Is printed legislation soon to be extinct?

Bill would keep GPO from churning out hundreds of hard copies for each piece of legislation

The government’s printing presses may slow down in the near future.

The House passed the Stop the Over Printing Act (H.R. 292) on Jan. 18.

The bill would stop the presses from churning out hundreds of hard copies of each piece of legislation unless a member of Congress requests a copy. Instead, members woulds receive pages digitally via the Internet.


Related story:

New-look Federal Register online debuts


A House or Senate committee could ask for paper copies of legislation but could only ask for printed copies of bills or resolutions within its jurisdiction and could only get 75 copies of a bill.

"With technological advancements, we have become a paperless world," said Rep. Chris Lee (R-N.Y.). "It is a waste of taxpayer dollars to automatically print and send multiple unsolicited copies of something that is readily available online."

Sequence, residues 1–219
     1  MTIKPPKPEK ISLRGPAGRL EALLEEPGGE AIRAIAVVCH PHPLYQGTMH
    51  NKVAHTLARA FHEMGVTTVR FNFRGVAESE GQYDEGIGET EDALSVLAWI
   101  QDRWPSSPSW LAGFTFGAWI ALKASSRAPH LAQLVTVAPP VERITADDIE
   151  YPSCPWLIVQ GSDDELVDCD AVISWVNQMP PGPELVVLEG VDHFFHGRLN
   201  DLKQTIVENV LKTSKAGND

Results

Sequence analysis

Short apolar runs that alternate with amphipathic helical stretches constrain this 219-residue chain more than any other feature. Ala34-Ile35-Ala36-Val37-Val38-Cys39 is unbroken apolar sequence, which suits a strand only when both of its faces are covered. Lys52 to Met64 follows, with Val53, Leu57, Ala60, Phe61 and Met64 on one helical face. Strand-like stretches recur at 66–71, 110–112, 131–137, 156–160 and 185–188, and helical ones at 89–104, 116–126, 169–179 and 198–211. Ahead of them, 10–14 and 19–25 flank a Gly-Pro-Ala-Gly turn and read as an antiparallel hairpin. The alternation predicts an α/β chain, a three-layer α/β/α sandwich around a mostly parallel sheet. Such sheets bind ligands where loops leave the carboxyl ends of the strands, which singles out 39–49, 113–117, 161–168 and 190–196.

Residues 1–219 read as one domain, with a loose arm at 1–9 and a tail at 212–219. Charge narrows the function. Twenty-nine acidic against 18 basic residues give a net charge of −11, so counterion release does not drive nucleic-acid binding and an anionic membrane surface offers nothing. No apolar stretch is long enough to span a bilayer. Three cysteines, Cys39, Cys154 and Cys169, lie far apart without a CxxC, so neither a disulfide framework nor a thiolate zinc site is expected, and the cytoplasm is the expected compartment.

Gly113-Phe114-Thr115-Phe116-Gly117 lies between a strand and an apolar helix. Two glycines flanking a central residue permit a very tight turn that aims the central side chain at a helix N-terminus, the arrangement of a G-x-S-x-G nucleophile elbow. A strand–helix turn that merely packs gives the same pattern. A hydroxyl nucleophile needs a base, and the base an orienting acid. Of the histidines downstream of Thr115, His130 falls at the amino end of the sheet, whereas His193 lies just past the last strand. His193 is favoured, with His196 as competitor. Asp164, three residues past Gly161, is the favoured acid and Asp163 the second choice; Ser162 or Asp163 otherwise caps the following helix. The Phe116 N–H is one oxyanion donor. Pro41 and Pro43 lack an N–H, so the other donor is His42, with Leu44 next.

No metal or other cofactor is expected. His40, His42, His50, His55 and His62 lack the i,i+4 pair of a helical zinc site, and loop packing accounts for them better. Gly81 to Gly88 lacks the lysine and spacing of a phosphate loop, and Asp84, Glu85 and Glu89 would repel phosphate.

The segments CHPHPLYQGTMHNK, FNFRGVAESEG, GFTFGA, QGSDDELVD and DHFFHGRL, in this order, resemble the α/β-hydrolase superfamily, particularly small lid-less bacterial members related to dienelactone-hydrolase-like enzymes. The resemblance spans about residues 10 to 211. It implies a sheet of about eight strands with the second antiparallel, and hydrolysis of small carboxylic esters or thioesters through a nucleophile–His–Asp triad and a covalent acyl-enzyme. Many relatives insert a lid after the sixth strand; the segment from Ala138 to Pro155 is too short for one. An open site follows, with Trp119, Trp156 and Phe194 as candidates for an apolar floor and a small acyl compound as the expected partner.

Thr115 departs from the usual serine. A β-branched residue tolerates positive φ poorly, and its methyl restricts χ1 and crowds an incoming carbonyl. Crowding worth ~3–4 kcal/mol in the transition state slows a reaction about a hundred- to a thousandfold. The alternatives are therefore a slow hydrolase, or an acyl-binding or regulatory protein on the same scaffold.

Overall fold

Supporters say the bill could save up to $7 million that the Government Printing Office is expected to spend on congressional printing this year.

The measure is now in the Senate.

About the Author

Matthew Weigelt is a freelance journalist who writes about acquisition and procurement.

Featured

  • Defense
    The U.S. Army Corps of Engineers and the National Geospatial-Intelligence Agency (NGA) reveal concept renderings for the Next NGA West (N2W) campus from the design-build team McCarthy HITT winning proposal. The entirety of the campus is anticipated to be operational in 2025.

    How NGA is tackling interoperability challenges

    Mark Munsell, the National Geospatial-Intelligence Agency’s CTO, talks about talent shortages and how the agency is working to get more unclassified data.

  • Veterans Affairs
    Veterans Affairs CIO Jim Gfrerer speaks at an Oct. 10 FCW event (Photo credit: Troy K. Schneider)

    VA's pivot to agile

    With 10 months on the job, Veterans Affairs CIO Jim Gfrerer is pushing his organization toward a culture of constant delivery.

Stay Connected

FCW INSIDER

Sign up for our newsletter.

I agree to this site's Privacy Policy.